In brief, we begin by reciting the verses of refuge and bodhichitta, taking refuge in the Three Jewels with stable faith and trust, and generating the bodhichitta of aspiration, which is the motivation of wishing that all sentient beings, ourselves and all others, attain perfect awakening. If these two are not done as a preliminary, the practice will be like shooting an arrow without first focusing on the target, and so we must begin with refuge and bodhichitta. Then, unless we visualize ourselves in the form of the yidam deity, whichever one it might be, we will not be able to bless the offering substances, so we must visualize ourselves as the yidam. From the syllable HUNG in our heart appears a dark red syllable RAM which burns the substances of the sang offering. From the syllable YAM comes wind which scatters them, and from KHAM comes water which cleanses them. With this, they are purified within the emptiness of the absolute space of great primordial purity, the dharmadhatu beyond any conceptualization.


Then, once again visualizing ourselves as the yidam deity, from our heart emanates a white OM ornamented with circles (tiklé) of light to become the precious vessel, deep and vast in size, spreading out to fill the whole universe. Inside, white OM syllables, representing the essence of the enlightened body of all the buddhas, red AH syllables, the essence of their enlightened speech, and dark blue HUNG syllables, the essence of their enlightened mind, rain down from the absolute sphere. Having been blessed, the sang offerings, which in essence are emptiness and the immaculate wisdom nectar which liberates upon taste, take on different forms in the perception of the various guests. They appear as forms to stimulate the sense of vision, sounds to stimulate the sense of hearing, fragrances to stimulate the sense of smell, flavours to stimulate the sense of taste and tactile sensations to stimulate the sense of touch, as well as all kinds of other riches and enjoyments, all of them complete, with nothing whatsoever lacking—a vast treasure that is inexhaustible, just like the offering clouds of the noble bodhisattva Samantabhadra. Through the mantra and the mudra of the ‘treasury of space’ they are increased and multiplied. Then from the HUNG syllable at our heart—the heart of the yidam deity—come boundless rays of light, and, we consider that the Three Jewels, who are the guests invited out of respect, the protectors who are the guests invited on account of their qualities, the beings of the six classes who are the guests invited out of compassion, and the obstacle-making guests to whom we owe karmic debt all manifest in physical forms out of the absolute space of the dharmadhatu, like bubbles suddenly appearing in water or lightning flashing in the sky. At the same time as we recite the lines for inviting the guests, we consider that they appear there before us in a single instant, directly perceptible to our own senses, and we request that they take their places.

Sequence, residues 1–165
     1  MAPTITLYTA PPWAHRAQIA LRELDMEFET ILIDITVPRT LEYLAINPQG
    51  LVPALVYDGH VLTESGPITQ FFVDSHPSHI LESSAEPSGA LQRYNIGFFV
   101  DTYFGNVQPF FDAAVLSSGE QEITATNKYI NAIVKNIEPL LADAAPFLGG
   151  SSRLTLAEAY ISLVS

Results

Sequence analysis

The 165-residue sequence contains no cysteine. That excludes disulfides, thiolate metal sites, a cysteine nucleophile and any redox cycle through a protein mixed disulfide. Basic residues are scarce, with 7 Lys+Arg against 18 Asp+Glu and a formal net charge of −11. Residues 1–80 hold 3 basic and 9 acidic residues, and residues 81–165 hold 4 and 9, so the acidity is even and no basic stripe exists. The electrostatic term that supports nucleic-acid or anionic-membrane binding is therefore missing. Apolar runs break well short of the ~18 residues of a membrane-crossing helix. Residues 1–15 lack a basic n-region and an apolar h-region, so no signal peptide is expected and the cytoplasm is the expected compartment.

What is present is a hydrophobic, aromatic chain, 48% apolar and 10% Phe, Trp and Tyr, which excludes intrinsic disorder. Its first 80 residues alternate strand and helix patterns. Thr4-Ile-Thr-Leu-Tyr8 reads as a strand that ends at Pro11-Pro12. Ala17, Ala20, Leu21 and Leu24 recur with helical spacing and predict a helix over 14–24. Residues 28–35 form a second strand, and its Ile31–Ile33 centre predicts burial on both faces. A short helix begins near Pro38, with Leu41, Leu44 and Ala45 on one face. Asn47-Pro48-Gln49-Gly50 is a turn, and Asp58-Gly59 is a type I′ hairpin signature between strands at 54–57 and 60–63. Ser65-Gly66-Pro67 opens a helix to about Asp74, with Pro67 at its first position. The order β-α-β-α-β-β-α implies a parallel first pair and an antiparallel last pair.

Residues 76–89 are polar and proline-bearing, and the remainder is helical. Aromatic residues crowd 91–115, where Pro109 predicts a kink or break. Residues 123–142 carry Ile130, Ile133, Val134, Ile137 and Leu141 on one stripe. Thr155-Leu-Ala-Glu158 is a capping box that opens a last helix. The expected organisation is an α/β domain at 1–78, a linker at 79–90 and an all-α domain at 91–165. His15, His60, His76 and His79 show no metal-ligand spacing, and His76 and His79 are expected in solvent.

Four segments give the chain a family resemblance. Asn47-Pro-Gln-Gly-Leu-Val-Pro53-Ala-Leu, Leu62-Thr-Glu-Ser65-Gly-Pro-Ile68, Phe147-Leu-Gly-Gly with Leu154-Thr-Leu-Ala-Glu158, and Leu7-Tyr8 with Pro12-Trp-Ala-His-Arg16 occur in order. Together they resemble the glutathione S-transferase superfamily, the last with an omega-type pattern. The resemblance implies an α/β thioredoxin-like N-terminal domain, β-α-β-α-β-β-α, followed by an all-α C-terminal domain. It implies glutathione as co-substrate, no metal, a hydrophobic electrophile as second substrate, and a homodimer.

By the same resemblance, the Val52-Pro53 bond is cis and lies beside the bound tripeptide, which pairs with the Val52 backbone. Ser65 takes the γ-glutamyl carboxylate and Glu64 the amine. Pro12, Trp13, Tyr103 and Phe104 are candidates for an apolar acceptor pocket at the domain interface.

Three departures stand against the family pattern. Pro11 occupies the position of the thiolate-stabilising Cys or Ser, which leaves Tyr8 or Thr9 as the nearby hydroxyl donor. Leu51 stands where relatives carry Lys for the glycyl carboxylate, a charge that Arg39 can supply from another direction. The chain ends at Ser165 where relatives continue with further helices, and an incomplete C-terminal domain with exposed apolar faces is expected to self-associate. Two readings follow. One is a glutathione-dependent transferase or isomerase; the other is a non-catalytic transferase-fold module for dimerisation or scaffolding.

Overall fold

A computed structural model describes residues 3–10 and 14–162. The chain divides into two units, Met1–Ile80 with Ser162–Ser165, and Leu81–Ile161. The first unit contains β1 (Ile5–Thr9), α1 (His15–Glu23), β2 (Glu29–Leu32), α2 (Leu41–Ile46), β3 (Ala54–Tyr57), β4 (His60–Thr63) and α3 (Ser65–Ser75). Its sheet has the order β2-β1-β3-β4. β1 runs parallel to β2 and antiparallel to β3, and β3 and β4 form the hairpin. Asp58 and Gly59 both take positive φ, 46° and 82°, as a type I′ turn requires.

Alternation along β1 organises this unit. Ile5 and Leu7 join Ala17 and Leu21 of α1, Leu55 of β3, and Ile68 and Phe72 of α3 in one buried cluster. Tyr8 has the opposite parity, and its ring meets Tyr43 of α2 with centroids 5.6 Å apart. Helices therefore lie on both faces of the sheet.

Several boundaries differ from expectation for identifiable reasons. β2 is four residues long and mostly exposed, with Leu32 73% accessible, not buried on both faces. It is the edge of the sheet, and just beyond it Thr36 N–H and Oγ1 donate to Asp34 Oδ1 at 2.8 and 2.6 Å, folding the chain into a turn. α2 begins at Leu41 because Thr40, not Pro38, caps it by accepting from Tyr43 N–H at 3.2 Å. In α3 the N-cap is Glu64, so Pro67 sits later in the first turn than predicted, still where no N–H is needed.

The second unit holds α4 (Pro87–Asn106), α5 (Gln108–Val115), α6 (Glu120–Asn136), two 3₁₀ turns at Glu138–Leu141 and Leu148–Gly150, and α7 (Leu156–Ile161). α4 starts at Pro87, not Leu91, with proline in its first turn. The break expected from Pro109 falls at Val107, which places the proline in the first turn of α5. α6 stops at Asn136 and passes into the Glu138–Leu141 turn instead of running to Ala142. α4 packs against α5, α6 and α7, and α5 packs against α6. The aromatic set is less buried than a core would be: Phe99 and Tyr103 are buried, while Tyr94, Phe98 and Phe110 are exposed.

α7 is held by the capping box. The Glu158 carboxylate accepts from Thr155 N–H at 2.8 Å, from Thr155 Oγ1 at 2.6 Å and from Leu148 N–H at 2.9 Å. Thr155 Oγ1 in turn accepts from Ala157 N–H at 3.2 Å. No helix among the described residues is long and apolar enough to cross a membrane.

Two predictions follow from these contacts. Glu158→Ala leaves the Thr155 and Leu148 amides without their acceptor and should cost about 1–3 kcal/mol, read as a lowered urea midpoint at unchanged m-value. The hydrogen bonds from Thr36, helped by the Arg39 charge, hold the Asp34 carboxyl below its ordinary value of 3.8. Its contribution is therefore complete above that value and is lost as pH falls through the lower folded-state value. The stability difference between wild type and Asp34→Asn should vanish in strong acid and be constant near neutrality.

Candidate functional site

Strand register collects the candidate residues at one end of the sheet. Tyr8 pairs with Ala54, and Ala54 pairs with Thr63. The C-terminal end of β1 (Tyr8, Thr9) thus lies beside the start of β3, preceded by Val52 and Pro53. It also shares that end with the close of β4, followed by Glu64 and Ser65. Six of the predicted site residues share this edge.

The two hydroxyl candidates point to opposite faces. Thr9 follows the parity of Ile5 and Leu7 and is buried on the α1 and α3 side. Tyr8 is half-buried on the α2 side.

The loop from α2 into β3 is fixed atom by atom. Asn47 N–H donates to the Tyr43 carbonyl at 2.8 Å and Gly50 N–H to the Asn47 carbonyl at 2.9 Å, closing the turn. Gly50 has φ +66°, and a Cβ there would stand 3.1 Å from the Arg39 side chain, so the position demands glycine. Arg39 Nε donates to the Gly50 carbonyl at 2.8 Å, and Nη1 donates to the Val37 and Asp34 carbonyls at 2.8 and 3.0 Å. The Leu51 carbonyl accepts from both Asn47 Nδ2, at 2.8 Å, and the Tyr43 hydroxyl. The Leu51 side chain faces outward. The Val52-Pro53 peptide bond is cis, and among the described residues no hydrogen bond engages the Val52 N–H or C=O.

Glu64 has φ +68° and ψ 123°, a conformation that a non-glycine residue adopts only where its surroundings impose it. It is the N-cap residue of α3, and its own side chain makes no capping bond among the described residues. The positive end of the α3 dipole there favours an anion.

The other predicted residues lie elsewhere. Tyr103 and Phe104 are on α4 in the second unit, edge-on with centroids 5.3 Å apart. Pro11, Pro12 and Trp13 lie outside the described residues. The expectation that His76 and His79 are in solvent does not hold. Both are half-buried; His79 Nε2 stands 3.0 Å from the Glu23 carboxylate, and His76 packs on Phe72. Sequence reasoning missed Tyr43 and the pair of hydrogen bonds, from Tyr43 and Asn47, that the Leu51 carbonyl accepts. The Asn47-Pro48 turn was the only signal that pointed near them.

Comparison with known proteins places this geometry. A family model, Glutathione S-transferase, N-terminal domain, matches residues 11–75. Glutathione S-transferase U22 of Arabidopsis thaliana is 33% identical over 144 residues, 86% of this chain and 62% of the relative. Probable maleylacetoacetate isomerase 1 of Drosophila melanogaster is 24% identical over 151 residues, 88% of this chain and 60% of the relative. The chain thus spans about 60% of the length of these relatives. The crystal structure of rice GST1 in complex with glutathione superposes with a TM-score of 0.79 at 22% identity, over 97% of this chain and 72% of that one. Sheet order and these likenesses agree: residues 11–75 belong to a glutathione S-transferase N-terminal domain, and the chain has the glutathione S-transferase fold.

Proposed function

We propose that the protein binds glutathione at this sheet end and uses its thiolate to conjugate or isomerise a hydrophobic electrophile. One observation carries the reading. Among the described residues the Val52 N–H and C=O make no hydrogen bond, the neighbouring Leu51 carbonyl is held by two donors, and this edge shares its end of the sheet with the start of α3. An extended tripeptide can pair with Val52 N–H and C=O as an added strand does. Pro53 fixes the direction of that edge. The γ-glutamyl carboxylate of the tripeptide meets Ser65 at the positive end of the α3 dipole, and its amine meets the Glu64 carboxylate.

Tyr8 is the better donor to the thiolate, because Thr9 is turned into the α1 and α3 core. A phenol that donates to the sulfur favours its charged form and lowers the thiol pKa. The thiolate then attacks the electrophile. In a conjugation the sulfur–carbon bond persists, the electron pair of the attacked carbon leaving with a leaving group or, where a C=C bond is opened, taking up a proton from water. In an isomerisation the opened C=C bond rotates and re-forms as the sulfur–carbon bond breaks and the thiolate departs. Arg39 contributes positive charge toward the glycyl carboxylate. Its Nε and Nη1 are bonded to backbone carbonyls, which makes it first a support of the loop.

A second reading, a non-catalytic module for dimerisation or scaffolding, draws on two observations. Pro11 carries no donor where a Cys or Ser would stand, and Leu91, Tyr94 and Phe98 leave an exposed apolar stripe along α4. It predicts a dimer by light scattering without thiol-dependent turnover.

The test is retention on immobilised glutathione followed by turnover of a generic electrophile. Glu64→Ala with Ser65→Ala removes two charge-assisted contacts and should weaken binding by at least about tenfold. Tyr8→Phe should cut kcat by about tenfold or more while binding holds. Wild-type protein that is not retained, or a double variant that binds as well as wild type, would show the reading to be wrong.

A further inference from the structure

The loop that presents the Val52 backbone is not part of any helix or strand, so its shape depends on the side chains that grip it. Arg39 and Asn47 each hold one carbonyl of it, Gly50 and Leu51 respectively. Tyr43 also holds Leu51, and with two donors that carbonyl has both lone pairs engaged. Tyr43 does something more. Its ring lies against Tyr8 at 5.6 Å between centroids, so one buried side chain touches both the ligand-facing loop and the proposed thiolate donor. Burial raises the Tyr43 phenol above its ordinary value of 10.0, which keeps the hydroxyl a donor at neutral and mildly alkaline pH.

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~~ 2014.09.24 經法友指正而修訂錯誤:多個代表諸佛證悟精要的深藍「吽」,感恩!